Most of the foreign money funding ocean plunder and the felling of the Amazon forest comes through tax havens, researchers say.
By Alex Kirby, former BBC journalist and environment correspondent
Cross-posted from Climate News Network
Searching for illegal fishing – funded via tax havens? Image: By Bart Bauer, US Navy, via Wikimedia Commons
Tax havens have provided more than two-thirds of the foreign capital known to be linked to Amazon deforestation and pirate fishing, a new study says.
The researchers say 70% of known vessels involved in illegal, unreported and unregulated (IUU) fishing are or have been flagged under a tax haven jurisdiction. On average, they report, 68% of all investigated foreign capital (US$18.4bn of a total $26.9bn) which went to sectors associated with Amazon deforestation between 2000 and 2011 was transferred through tax havens.
The report is the work of a team of researchers from the Stockholm Resilience Centre (SRC) and the Global Economic Dynamics and the Biosphere programme (GEDB), who say it is the first study to show how tax havens are linked to economic sectors with the potential to cause serious global environmental damage.
They say the release of the Paradise Papers and Panama Papers exposed how multinationals, politicians and the rich use offshore tax havens to conceal their wealth and money flows, and to reduce their exposure to tax. Accepting that the term “tax haven” is contested, their report uses a definition proposed in a report prepared for the US Congress.
The study’s lead author, Victor Galaz, deputy director of the SRC, says: “Our analysis shows that the use of tax havens is not only a socio-political and economic challenge, but also an environmental one. While the use of tax haven jurisdictions is not illegal in itself, financial secrecy hampers the ability to analyse how financial flows affect economic activities on the ground, and their environmental impacts.”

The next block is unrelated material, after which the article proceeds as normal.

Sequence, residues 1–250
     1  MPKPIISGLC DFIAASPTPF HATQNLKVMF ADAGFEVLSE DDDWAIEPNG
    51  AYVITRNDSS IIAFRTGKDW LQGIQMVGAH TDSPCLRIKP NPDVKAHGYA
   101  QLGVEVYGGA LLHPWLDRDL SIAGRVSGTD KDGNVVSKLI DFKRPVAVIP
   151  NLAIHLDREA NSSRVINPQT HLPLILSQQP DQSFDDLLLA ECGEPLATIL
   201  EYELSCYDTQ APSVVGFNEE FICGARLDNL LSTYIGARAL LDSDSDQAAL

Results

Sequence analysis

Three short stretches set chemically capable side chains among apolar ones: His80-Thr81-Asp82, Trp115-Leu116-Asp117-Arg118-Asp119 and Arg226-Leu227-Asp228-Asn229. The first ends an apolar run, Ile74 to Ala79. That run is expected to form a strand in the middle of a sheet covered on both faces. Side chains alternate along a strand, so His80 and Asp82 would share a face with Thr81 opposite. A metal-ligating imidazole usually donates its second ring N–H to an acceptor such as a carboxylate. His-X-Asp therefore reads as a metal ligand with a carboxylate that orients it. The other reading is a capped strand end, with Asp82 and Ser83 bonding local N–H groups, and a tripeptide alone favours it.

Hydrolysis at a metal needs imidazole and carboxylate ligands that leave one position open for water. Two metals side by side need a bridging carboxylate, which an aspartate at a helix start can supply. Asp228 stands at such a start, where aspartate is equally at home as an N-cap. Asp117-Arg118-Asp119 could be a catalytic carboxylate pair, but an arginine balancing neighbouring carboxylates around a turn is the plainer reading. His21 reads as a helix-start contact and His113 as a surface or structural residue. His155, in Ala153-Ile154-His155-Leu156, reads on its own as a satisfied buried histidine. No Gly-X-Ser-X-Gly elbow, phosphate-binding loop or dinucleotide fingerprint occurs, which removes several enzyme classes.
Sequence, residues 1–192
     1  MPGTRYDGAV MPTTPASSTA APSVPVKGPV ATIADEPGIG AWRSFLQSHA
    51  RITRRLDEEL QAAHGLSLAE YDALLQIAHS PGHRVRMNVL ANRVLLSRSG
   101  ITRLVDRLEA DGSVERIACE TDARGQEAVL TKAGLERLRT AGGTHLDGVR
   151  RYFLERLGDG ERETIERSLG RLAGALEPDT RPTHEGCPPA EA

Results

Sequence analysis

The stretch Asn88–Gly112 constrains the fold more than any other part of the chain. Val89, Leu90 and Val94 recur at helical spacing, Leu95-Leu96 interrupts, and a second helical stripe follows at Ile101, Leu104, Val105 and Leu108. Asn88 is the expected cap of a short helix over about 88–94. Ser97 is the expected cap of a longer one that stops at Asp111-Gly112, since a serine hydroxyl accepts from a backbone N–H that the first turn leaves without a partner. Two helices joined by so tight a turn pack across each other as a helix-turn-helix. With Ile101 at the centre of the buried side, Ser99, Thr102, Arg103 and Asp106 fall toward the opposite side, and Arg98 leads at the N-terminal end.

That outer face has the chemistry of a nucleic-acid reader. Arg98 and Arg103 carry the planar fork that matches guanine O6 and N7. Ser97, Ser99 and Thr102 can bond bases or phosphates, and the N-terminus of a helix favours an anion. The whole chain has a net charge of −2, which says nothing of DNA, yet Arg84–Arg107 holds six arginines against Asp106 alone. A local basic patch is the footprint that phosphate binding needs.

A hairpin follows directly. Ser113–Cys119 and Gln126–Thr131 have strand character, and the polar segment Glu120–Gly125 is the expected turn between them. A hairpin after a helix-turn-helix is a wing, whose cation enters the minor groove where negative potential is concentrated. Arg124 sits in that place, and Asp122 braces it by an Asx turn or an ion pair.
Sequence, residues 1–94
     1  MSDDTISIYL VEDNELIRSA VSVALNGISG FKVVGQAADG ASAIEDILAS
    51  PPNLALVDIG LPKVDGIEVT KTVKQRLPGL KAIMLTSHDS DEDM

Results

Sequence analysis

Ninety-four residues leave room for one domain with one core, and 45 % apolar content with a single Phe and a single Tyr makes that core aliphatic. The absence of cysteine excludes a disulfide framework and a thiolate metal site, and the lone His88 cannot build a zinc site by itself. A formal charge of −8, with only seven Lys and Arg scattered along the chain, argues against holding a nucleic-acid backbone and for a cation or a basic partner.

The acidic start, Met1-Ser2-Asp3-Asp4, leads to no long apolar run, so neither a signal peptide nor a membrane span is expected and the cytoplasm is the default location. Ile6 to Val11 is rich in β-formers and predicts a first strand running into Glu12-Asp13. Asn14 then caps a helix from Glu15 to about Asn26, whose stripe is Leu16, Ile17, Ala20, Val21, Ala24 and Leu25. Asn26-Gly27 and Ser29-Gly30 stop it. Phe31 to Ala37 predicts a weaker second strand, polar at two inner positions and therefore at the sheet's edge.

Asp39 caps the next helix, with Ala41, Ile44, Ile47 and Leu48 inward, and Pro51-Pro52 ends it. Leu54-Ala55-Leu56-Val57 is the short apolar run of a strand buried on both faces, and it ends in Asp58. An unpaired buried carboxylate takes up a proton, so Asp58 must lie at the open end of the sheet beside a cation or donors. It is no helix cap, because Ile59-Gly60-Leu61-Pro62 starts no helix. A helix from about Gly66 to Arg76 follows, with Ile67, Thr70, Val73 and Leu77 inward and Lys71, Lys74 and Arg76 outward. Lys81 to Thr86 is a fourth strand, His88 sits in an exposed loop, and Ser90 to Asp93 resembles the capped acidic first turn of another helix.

The study, published in the journal Nature Ecology and Evolution, is part of an on-going research project, Earth System Finance: New perspectives on financial markets and sustainability, led by GEDB and the Stockholm Resilience Centre in collaboration with Future Earth.
The researchers say most previous analyses of the environmental impacts of tax havens are the work of investigative journalists focusing on a few locations. The new study, in contrast, takes a more systematic approach to analyse how the havens influence the sustainability of the ocean and the Amazon rainforest, two examples of the global environmental commons.
The Amazon forest is critical for stabilising the Earth’s climate system, and the oceans provide protein and income for millions of people worldwide, particularly in low-income food-deficit countries.
“The absence of a more systemic view is not surprising considering the chronic lack of data resulting from the financial opaqueness created by the use of these jurisdictions,” says co-author Beatrice Crona, GEDB’s executive director.
The study says lack of transparency hides how tax havens are linked to the degradation of environmental commons that are crucial for both people and planet at global scales.
It includes the first calculation of the foreign capital that flows into the beef and soya sectors operating in the Brazilian Amazon, both linked to deforestation.
The Cayman Islands proved to be the largest governmental source of transfers for foreign capital to both sectors. Well-known as a tax haven, the Islands provide three benefits to investors: legal efficiency, tax minimisation, and secrecy.
The study also includes a systematic analysis of tax havens’ role in global IUU fishing. With 70% of the vessels found to carry out or support IUU fishing, and for which flag information is available, flagged under a tax haven jurisdiction now or in the past, Belize and Panama are frequently mentioned.
Many of these tax havens are also so-called flags of convenience states, countries with limited monitoring and enforcement capacity that do not penalise vessels sailing under their flag even if they are identified as operating in violation of international law.
This combination of tax havens and flags of convenience allows companies to operate fishing vessels with dual identities, one used for legal and the other for illegal fishing.
“The global nature of fisheries value chains, complex ownership structures and limited governance capacities of many coastal nations, make the sector susceptible to the use of tax havens,” says co-author Henrik Österblom, SRC deputy science director.
Among issues which the researchers suggest should be central to future research and to the governance of tax havens is the loss of tax revenue the havens cause. This, they argue, should be seen as an indirect subsidy to economic activities which damage the global commons, and organisations like UN Environment should assess the environmental costs involved.
And they argue that the international community should view tax evasion and aggressive tax planning as not only a socio-political problem, but also an environmental one. Putting tax havens on the global sustainability agenda, they say, is key to protecting the environment and achieving the UN Sustainable Development Goals.
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